Terraforming Mars in 50 Years with Large Orbital Mirrors, Bacteria and Factories

The McKay-Zubrin plan for terraforming Mars in 50 years was cited by Elon Musk.

Orbital mirrors with 100 km radius are required to vaporize the CO2 in the south polar cap. If manufactured of solar sail-like material, such mirrors would have a mass on the order of 200,000 tonnes. If manufactured in space out of asteroidal or Martian moon material, about 120 MWe-years of energy would be needed to produce the required aluminum.

The use of orbiting mirrors is another way for hydrosphere activation. For example, if the 125 km radius reflector discussed earlier for use in vaporizing the pole were to concentrate its power on a smaller region, 27 TW would be available to melt lakes or volatilize nitrate beds. This is triple the power available from the impact of a 10 billion tonne asteroid per year, and in all probability would be far more controllable. A single such mirror could drive vast amounts of water out of the permafrost and into the nascent Martian ecosystem very quickly. Thus while the engineering of such mirrors may be somewhat grandiose, the benefits to terraforming of being able to wield tens of TW of power in a controllable way would be huge.

Energy for making the aluminum can use near-term multimegawatt nuclear power units, such as the 5 MWe modules now under consideration for NEP spacecraft.

Westinghouse is researching a small roughly 35-ton 25-megawatt Megapower reactor called the Vinci molten salt reactor.

Remove Poison Percholorate from Martian Soil

There is also a need to remove the poison perchlorate from the Martian soil. This could be done with the right bacteria. The right earth bacteria can survive on Mars and breakdown the toxins.

Alternative – bacteria to make Ammonia and methane

A possible improvement to the ammonia asteroidal impact method would use bacteria which can metabolize nitrogen and water to produce ammonia. If an initial greenhouse condition were to be created by ammonia object importation, it may be possible that a bacterial ecology could be set up on the planet’s surface that would recycle the nitrogen resulting from ammonia photolysis back into the atmosphere as ammonia, thereby maintaining the system without the need for further impacts. Similar schemes might also be feasible for cycling methane, another short-lived natural greenhouse gas which might be imported to the planet.

Alternative- One gigawatt reactor to make halocarbon – CF4 to trigger warming effect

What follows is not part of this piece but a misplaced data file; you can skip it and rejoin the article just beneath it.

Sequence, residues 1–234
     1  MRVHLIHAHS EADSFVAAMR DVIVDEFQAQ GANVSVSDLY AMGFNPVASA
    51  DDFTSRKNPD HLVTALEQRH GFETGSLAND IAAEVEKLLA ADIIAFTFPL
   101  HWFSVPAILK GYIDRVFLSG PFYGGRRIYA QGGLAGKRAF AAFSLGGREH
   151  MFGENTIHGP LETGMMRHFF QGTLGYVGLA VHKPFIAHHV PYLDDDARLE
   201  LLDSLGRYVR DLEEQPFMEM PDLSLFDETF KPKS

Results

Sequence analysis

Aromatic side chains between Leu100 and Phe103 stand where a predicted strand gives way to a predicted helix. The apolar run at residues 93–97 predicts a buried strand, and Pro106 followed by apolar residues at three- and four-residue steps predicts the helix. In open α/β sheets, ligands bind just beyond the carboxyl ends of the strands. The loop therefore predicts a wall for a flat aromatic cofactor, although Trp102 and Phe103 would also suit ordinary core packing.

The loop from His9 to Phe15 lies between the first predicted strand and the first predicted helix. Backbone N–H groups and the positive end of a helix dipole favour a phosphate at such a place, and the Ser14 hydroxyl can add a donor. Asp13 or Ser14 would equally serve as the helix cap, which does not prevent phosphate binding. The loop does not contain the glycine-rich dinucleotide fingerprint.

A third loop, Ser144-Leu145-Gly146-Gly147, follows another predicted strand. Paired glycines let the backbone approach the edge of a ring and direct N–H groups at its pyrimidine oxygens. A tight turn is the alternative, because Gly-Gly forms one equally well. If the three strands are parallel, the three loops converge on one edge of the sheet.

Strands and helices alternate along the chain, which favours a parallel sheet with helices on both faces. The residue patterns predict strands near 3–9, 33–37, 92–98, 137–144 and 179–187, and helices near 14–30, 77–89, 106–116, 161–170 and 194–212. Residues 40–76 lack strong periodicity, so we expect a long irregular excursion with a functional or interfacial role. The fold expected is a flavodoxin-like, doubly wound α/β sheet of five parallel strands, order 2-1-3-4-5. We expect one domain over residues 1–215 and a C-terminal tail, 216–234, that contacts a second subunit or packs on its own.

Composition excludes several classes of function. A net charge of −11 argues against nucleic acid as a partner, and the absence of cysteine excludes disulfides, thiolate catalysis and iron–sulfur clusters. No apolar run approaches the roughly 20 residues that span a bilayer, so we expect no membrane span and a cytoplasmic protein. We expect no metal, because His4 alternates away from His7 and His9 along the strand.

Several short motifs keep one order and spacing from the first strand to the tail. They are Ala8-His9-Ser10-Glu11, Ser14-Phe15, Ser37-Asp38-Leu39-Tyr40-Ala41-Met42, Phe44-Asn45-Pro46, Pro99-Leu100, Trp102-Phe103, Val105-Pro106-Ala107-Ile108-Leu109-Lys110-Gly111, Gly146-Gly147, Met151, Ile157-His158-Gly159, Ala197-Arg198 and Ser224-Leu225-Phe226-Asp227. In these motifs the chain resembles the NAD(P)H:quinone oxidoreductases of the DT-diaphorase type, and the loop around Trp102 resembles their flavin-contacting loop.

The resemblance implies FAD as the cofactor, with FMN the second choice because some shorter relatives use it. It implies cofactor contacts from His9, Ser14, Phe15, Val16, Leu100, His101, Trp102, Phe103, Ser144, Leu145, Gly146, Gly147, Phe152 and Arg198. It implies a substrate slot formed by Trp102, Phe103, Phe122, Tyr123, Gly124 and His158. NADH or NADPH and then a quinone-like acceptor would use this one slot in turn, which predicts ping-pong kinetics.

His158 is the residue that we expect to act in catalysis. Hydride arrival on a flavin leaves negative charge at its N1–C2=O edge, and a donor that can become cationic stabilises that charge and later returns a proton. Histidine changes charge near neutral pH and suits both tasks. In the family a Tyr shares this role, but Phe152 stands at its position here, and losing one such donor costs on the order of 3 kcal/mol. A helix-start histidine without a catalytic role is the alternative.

Greenhousing Mars via the manufacture of halocarbon gases on the planet’s surface may well be the most practical option. Total surface power requirements to drive planetary warming using this method are calculated and found to be on the order of 1000 MWe, and the required times scale for climate and atmosphere modification is on the order of 50 years.

The amount of a greenhouse gas needed to heat a planet is roughly proportional to the square of the temperature change required, driving Mars into a runaway greenhouse with an artificial 4 K temperature rise only requires about 1/200th the engineering effort that would be needed if the entire 55 K rise had to be engineered by brute force.

The dynamics of the regolith gas-release process are only approximately understood, and the total available reserves of CO2 won’t be known until human explorers journey to Mars to make a detailed assessment.

Large domed cities and greenhouses should be built on Mars while we wait

There is a new study which indicates that domed cities and colonies of various sizes could have the right temperature for liquid water with a 2-3 centimeter dome of silica aerogel without additional heating. They would heat up under the dome by 50 degrees kelvin without any heaters. Just the greenhouse effect would heat the area under the dome.

Regions on the surface of Mars could be modified in the future to allow life to survive there with much less infrastructure or maintenance than via other approaches. The creation of permanently warm regions would have many benefits for future human activity on Mars, as well as being of fundamental interest for astrobiological experiments and as a potential means to facilitate life-detection effort.

Large Domes Have Been Made on Earth

Mars has one-third of the gravity of Earth so making larger domes will be easier on Mars.

Singapore’s new national sports stadium (completed in 2014) is the world’s largest free-spanning dome, measuring 310-meters (1017 feet) across, and its roof can be opened or closed to suit the tropical climate.

The 55,000 capacity National Stadium has a 19,500 sq-meter (4.8 acres) retractable roof, which can open or close in just 20 minutes. The roof is made with a multi-layer ETFE pillow. The moving roof incorporates a matrix of LED lights, making it one of the largest addressable LED screens in the world.

The EFTE for the roof is a 0.15mm to 0.25mm-thick Fluon ETFE fluoropolymer film. Fluon ETFE Film is made of a high-performance thermoplastic fluoropolymer, and features excellent transparency, non-stick and insulation properties, and resistance to heat, chemicals and weather.